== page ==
Ask the Experts: How Do I Express My Studio's Uniqueness on Social Media?

Getty Images
Q: How do I stand out on social media if all the other dance studios seem to say the same things I do?

A: Social media works best when you stay true to your unique studio culture. Be relatable, engaging and responsive. Here are some tips we have found useful.

Use the kind of tone, language and philosophy that represents you and your studio.

Use photos and videos of your own students whenever possible, because they are truly what makes you unique. Take care to share a variety of images that represent your entire student body.

Monitor your direct messages (DMs), because your audience wants to know there's someone listening. Responding to comments with a like, a love or a short thanks will show you care and that you appreciate them. Engagement with your dancers and parents in particular is key.

It helps to be consistent with your posting and sharing schedule. For example, you could post motivational posts on Mondays, tips on Tuesdays, studio promotion posts on Wednesdays, etc. Doing this gives you a focus and lets other organic posts become more spontaneous.

Maximize your social bio and "About Us" sections of social media.

Use a unique, consistent hashtag to make finding and engaging with your audience easier.


When you take time to watch your social-media analytics to see what posts and pages are most engaging and clicked, you can start to do more of what's working.

Teaching Tips
A 2019 Dancewave training. Photo by Effy Grey, courtesy Dancewave

By now, most dance educators hopefully understand that they have a responsibility to address racism in the studio. But knowing that you need to be actively cultivating racial equity isn't the same thing as knowing how to do so.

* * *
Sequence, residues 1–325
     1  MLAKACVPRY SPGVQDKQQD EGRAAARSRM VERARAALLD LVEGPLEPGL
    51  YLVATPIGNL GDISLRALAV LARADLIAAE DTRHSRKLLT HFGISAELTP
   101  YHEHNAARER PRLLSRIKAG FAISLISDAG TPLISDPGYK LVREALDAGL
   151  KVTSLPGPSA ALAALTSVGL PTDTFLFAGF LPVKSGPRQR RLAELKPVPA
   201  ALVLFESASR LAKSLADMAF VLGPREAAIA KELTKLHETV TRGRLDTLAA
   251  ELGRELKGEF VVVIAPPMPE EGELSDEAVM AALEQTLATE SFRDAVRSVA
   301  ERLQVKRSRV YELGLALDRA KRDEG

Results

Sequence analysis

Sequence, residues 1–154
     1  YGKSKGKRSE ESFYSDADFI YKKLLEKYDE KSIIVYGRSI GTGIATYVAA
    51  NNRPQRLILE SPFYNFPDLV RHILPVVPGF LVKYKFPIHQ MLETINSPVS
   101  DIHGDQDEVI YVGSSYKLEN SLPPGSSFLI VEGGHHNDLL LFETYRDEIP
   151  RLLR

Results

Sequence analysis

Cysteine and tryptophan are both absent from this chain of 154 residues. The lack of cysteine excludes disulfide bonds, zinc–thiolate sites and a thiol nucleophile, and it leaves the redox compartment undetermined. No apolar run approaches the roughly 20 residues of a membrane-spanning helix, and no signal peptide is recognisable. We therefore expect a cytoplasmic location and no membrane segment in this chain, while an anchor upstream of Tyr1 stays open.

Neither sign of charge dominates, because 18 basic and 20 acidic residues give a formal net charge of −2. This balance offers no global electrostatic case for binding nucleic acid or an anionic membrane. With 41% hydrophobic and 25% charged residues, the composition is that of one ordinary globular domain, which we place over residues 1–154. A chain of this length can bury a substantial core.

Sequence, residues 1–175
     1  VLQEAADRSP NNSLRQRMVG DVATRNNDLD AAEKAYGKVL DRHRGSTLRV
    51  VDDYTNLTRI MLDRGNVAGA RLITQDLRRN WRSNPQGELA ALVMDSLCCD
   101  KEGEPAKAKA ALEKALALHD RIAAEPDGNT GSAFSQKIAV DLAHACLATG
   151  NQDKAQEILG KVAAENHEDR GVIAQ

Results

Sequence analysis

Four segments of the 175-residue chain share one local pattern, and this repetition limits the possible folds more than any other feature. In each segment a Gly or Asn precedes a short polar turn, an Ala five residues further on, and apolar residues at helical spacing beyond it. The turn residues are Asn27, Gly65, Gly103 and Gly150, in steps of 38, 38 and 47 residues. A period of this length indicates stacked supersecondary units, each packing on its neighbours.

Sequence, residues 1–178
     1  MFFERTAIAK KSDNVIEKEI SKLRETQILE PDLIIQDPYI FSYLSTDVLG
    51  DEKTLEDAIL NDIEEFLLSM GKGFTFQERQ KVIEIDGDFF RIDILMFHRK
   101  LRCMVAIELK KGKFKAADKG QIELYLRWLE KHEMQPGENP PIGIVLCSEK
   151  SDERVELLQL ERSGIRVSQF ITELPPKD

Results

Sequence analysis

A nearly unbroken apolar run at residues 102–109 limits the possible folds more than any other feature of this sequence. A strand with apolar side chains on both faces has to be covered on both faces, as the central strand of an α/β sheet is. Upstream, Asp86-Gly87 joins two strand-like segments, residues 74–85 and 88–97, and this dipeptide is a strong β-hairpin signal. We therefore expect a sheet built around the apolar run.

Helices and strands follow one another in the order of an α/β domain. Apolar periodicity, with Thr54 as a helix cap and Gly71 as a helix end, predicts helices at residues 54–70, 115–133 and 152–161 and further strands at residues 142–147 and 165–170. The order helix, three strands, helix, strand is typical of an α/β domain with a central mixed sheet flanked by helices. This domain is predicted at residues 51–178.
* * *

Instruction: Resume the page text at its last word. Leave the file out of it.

Of course, there's no easy answer, and no perfect approach. As social justice advocate David King emphasized at a recent interactive webinar, "Cultivating Racial Equity in the Classroom," this work is never-ending. The event, hosted by Dancewave (which just launched a new racial-equity curriculum) was a good starting point, though, and offered some helpful takeaways for dance educators committed to racial justice.

Keep reading... Show less
Higher Ed
The author, Robyn Watson. Photo courtesy Watson

Recently, I posted a thread of tweets elucidating the lack of respect for tap dance in college dance programs, and arguing that it should be a requirement for dance majors.

According to onstageblog.com, out of the 30 top-ranked college dance programs in the U.S., tap dance is offered at 19 of them, but only one school requires majors to take more than a beginner course—Oklahoma City University. Many prestigious dance programs, like the ones at NYU Tisch School of the Arts and SUNY Purchase, don't offer a single course in tap dance.

Keep reading... Show less
Teaching Tips
Getty Images

After months of lockdowns and virtual learning, many studios across the country are opening their doors and returning to in-person classes. Teachers and students alike have likely been chomping at the bit in anticipation of the return of dance-class normalcy that doesn't require a reliable internet connection or converting your living room into a dance space.

But along with the back-to-school excitement, dancers might be feeling rusty from being away from the studio for so long. A loss of flexibility, strength and stamina is to be expected, not to mention emotional fatigue from all of the uncertainty and reacclimating to social activities.

So as much as everyone wants to get back to normal—teachers and studio owners included—erring on the side of caution with your dancers' training will be the most beneficial approach in the long run.

Keep reading... Show less

Get Dance Business Weekly in your inbox

Sign Up Used in accordance with our Privacy Policy.